The last Air Berlin flight took off two weeks ago and as expected, the sudden absence of Germany’s second-largest airline with its 250 domestic flights per day has led to a shortage of capacity on some German routes.
Connections to and from the two Air Berlin hubs of Berlin and Düsseldorf have been worst hit. On routes to Hamburg, Munich or Stuttgart, a major rival to market leader Lufthansa and its budget unit Eurowing is now missing. The shortage of supply has gone hand-in-hand with an increase in prices, according to a recent assessment by the shopping website Mydealz whose analysts used the price search engine Skyscanner to research ticket prices on selected routes on September 20/21 and November 1/2.
They found that on working days, average short-haul prices in November were up 26 percent. At weekends, the increase was even greater at 38.9 percent. On medium-haul flights, the working-day price rise averaged 4.28 percent but the weekend fare was down by 42 percent. But price increases on the worst-affected routes are much higher still, with business-class airfares between Berlin and Frankfurt up 60 percent while business fliers on the Munich-Düsseldorf route faced an eye-watering 300-percent price hike.
Mydealz admits that such average comparisons over a brief period of time should be treated with caution. But the research shows that Air Berlin’s demise has boosted ticket prices. Lufthansa CEO Carsten Spohr admitted as much, telling Bild newspaper: “The few seats we can still offer are of course scarce and expensive.”
“The few seats we can still offer are of course scarce and expensive.”
The end of Air Berlin and of the UK’s Monarch Airlines plus the planned sale of bankrupt Alitalia may herald the kind of consolidation in Europe that the US airline industry has gone through — leading to a lack of competition that hurts consumers.
In the United States, four airlines – United, Delta, American and, a distant fourth, Southwest – now control three-fourths of air travel and many routes are serviced by a single carrier. Travelers in the United States face higher fares and poorer service as the airlines rack up billions in profit.
It’s an automatic process: the fuller the plane, the higher the price offered through the airlines’ booking software. If many seats are available, airlines offer cheap tickets to fill the planes. The effect is exacerbated if demand far outstrips supply, which is the case right now because, although Air Berlin’s planes have been sold, they’re not available to the buyers yet. Some 80 of Air Berlin’s 140 jets have yet to resume flying pending antitrust approval of the deal, leading to a daily shortfall of 60,000 plane seats.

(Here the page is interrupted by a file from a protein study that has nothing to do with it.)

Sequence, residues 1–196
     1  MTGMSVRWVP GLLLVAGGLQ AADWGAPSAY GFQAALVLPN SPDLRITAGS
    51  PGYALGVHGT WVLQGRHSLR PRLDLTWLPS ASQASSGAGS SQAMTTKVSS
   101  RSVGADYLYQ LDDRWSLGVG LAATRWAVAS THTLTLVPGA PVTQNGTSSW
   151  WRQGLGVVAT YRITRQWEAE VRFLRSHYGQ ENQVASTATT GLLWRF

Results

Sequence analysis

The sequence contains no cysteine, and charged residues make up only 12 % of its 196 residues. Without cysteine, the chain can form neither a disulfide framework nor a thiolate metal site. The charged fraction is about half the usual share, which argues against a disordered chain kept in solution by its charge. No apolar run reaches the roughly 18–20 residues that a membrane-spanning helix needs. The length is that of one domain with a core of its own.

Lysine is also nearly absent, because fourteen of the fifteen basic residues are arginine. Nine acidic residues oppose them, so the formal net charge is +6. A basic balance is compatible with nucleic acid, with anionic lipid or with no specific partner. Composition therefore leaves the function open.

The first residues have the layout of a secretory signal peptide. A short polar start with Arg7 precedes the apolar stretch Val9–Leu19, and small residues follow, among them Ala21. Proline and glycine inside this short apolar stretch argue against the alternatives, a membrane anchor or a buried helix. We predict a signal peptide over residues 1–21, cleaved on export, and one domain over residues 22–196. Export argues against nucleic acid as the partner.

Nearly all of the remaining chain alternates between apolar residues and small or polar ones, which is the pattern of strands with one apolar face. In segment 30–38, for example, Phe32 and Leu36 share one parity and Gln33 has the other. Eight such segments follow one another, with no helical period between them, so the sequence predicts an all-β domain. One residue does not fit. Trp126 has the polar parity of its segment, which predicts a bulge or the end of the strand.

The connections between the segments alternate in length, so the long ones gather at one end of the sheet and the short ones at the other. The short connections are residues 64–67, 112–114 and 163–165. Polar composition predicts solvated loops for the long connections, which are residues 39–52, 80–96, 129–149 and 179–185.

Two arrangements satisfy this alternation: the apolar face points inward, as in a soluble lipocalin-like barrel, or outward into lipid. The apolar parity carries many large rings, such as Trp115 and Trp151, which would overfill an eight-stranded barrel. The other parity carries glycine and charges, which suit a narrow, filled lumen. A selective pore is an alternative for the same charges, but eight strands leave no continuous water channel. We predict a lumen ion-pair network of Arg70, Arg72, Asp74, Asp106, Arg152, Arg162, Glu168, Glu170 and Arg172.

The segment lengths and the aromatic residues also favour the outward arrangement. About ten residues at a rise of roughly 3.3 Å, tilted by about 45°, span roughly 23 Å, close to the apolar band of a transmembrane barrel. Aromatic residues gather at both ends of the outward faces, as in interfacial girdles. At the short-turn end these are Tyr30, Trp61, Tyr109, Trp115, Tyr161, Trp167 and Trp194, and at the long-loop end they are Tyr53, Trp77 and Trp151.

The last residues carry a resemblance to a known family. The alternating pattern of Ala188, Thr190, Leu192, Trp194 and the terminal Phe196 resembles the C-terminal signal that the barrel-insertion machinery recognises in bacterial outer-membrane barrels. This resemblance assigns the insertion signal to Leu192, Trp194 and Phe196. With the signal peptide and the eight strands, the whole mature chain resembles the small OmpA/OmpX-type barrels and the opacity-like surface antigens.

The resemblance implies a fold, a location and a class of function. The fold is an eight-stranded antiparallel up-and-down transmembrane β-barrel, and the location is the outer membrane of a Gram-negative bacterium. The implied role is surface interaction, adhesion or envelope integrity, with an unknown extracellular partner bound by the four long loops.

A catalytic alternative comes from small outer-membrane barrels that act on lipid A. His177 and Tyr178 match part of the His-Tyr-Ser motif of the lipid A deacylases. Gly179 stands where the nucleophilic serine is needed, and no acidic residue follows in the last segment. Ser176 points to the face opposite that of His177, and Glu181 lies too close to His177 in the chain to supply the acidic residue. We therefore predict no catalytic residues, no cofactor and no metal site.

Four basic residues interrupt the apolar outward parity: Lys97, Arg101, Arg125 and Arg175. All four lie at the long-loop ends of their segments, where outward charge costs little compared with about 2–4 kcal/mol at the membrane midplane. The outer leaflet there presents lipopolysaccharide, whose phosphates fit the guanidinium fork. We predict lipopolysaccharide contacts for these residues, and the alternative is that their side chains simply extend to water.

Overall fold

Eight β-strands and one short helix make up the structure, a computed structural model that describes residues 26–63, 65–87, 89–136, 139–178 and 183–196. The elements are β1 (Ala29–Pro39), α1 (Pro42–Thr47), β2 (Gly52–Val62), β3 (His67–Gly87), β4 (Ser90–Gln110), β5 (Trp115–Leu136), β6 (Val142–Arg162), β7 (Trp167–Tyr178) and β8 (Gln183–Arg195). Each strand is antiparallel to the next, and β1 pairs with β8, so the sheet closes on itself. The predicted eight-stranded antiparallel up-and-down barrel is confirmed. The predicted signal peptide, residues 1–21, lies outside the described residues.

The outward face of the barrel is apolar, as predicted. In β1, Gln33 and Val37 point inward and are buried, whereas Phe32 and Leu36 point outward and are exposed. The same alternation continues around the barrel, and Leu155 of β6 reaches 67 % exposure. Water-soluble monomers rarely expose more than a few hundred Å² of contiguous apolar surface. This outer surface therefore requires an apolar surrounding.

As Lufthansa’s low-cost Eurowings unit now has no effective competition at many German airports beyond the hubs of Frankfurt and Munich, it’s free to set what prices it likes.
The question is how long this will go on. Lufthansa and Eurowings likely won’t be able to increase their capacities until the start of 2018 when they secure cartel approval to integrate the Air Berlin planes they’ve bought.
Mr. Spohr has said the group will offer 1,000 additional domestic flights from January. All eyes are on British rival EasyJet which plans to buy 25 Air Berlin jets. Cartel experts expect it to get the go-ahead soon. EasyJet is believed to be planning to offer flights between Berlin, Frankfurt, Hamburg and Munich, which would alleviate bottlenecks and put downward pressure on prices. But it’s unclear whether EasyJet will really fly those routes as the management has yet to provide details of its plans.
“It would be good for Lufthansa and definitely for many passengers as well if EasyJet announces as soon as possible on which domestic German routes it wants to fly in the future,” said Gerald Wissel of consultancy Airborne Consulting.
Jens Koenen leads Handelsblatt’s coverage of the aviation and space industry and writes about IT companies. To contact the author: email@example.com